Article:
Synthetic Biology: Hope or Hype?
Products like beer, wine and yoghurt would not be possible without microorganisms. For thousands of years humans have exploited these 'cell-factories' in industry for the production of many commercial goods. Increased knowledge of microbes, such as Baker's yeast Saccharomyces cerevisiae and the bacterium Escherichia coli, has allowed scientists to manipulate these organisms for use in the biotechnology industry. Advancements in DNA sequencing (technology used to analyse DNA), the ease of gene synthesis and our knowledge of genetics has opened the doors to a whole new age of (bio)synthesis, which has impacted a diverse range of industries including pharmaceuticals, biomedicine, fine chemicals, biofuels and biopolymers. The advancements in these areas have paved the way for synthetic biology.
Synthetic biology is the design of new biological systems using DNA or redesign of existing systems through altering DNA of various components within a host organism. Because DNA is a universal language across all life, taking a line of code from one species to another can in theory have the same effect. Synthetic biology requires the use of DNA manipulation in order to programme organisms to make products they don't make in nature. Hence, these organisms become living factories that produce commercially valuable products or therapeutics using cheap and renewable biomass as feedstock. This article serves to introduce the principles of synthetic biology and discuss its diverse applications: present and future.
Although a promising area of research with the potential of a huge impact on our economy, synthetic biology is still in its infancy. However, the potential benefits of the newly emerging synthetic biology technologies has been recognised by governments, with the UK and USA both designating this research as a national priority in funding investment. For example, in the United Kingdom, it has been identified as one of the eight great British technologies of the future. Through the use of biological systems, synthetic biology promises a greener, cheaper and more efficient alternative to the traditional methods currently employed in the industry, such as extraction from natural sources and chemical synthesis. The latter often requires harsh environmental conditions, such as the use of strong acids and bases, high temperatures and pressures, expensive metal catalysts and large number of reaction and purification steps. Obvious implications of synthetic biology for the UK economy and biomedical and biotechnology industries has resulted in recent major funding allocations for the set-up of several specialised synthetic biology centers across the country in Manchester, Nottingham, Cambridge and Bristol as well as another two yet centers to be announced.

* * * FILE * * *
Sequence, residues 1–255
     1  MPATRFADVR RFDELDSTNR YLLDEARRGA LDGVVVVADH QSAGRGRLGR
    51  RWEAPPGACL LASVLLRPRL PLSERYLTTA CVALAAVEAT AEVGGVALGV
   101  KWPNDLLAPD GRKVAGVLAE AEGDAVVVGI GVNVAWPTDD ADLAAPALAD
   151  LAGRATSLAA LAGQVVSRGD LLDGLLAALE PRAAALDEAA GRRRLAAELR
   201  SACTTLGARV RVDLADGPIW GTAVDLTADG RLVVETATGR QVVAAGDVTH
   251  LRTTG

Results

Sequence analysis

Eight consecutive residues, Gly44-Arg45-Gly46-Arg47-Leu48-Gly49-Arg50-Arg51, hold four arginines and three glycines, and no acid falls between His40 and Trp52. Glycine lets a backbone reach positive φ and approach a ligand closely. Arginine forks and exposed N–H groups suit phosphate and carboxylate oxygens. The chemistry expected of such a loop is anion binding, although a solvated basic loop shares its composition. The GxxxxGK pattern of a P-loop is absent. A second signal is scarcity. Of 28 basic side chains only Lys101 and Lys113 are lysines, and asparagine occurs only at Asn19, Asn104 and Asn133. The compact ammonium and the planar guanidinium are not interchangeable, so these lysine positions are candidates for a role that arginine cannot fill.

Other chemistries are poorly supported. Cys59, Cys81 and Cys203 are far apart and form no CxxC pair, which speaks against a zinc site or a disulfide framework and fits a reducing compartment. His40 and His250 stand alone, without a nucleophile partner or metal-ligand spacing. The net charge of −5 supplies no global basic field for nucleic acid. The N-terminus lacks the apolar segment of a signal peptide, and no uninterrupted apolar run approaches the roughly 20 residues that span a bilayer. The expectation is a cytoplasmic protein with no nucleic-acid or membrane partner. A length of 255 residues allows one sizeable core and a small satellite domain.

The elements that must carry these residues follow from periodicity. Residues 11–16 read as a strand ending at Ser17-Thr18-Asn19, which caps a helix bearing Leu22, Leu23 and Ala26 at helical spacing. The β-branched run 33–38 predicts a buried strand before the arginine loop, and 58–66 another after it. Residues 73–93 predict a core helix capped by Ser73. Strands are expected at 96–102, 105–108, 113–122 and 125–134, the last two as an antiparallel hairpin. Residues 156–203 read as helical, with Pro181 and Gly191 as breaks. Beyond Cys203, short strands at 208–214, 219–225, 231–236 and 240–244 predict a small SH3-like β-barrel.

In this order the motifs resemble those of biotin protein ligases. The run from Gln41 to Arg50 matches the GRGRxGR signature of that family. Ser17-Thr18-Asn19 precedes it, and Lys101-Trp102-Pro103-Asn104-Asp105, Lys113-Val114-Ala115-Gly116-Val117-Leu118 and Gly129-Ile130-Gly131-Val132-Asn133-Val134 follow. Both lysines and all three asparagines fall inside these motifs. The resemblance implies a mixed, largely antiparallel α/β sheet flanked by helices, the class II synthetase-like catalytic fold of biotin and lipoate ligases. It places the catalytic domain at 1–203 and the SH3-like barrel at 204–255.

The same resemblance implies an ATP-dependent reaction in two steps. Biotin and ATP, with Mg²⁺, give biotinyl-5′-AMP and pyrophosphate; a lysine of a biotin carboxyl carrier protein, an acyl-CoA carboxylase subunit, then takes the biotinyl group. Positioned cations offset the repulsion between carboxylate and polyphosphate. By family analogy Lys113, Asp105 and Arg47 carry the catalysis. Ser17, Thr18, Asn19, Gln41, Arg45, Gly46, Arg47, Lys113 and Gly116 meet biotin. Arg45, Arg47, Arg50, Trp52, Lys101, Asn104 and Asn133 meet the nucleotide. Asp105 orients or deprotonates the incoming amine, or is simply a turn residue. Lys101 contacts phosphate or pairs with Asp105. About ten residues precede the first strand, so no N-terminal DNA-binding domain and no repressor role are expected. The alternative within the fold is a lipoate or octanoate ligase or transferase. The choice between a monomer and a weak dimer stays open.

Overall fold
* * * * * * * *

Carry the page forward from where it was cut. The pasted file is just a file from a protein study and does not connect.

DNA is the software encoding the characteristics and processes of every cell. This means the function and identity of each cell within an organism is determined by the genes that are active or turned on in the cell. As such, synthetic biologists use DNA-level engineering to 'reprogramme' host organisms to produce new compound(s). You could reengineer the bacteria E. coli to make menthol (mint flavor) by synthesizing the mint plant DNA responsible for menthol production and delivering it into E. coli. This is illustrated in Figure 1, below. To programme the cells, functional DNA assemblies and circuits are constructed using individual components (e.g. elements that control when a gene is turned on and to what extent it is on) known as BioBrick parts, just like using Lego(TM) building blocks. Each component serves a function that affects the eventual output (product, cell behaviour, signal etc.)
Figure 1 - DNA constructs containing genes of interest are assembled and delivered into the host organisms such as E-coli. These pathways are designed to sense environmental conditions to actuate responses.
Although far from perfect, E. coli and S. cerevisiae are the prevalent choice of host-organisms, as genetic manipulation is relatively easy. Organisms such as cyanobacteria that have minimal feedstock requirements are ideal alternative factories for scaling-up production, however, these organisms are not as well known on a genetic level. When adding new genes into an organism, the challenge is to avoid disrupting the other natural processes vital to its survival. Further challenges are the engineered organism's survival against evolutionary pressures, circumventing toxicity to host organisms and balancing organism's energy requirements. Scaling up the processes from lab bench to industrial scale application presents further challenges (2-4). To ensure that engineered pathways do not disturb the host organism's own biochemical pathways, research is being conducted into engineering of minimal 'chassis' host organism, containing only the bare minimum genome required for its survival. John Craig Venter Institute has already successfully made synthetic life, dubbed Synthia. This institute is currently working to synthesise a 'skeleton' organism named Mycoplasma laboratorium using only a minimal set of genes from Mycoplasma genitalium (found to have only 382 essential genes through gene deletion and inactivation studies) (5, 6).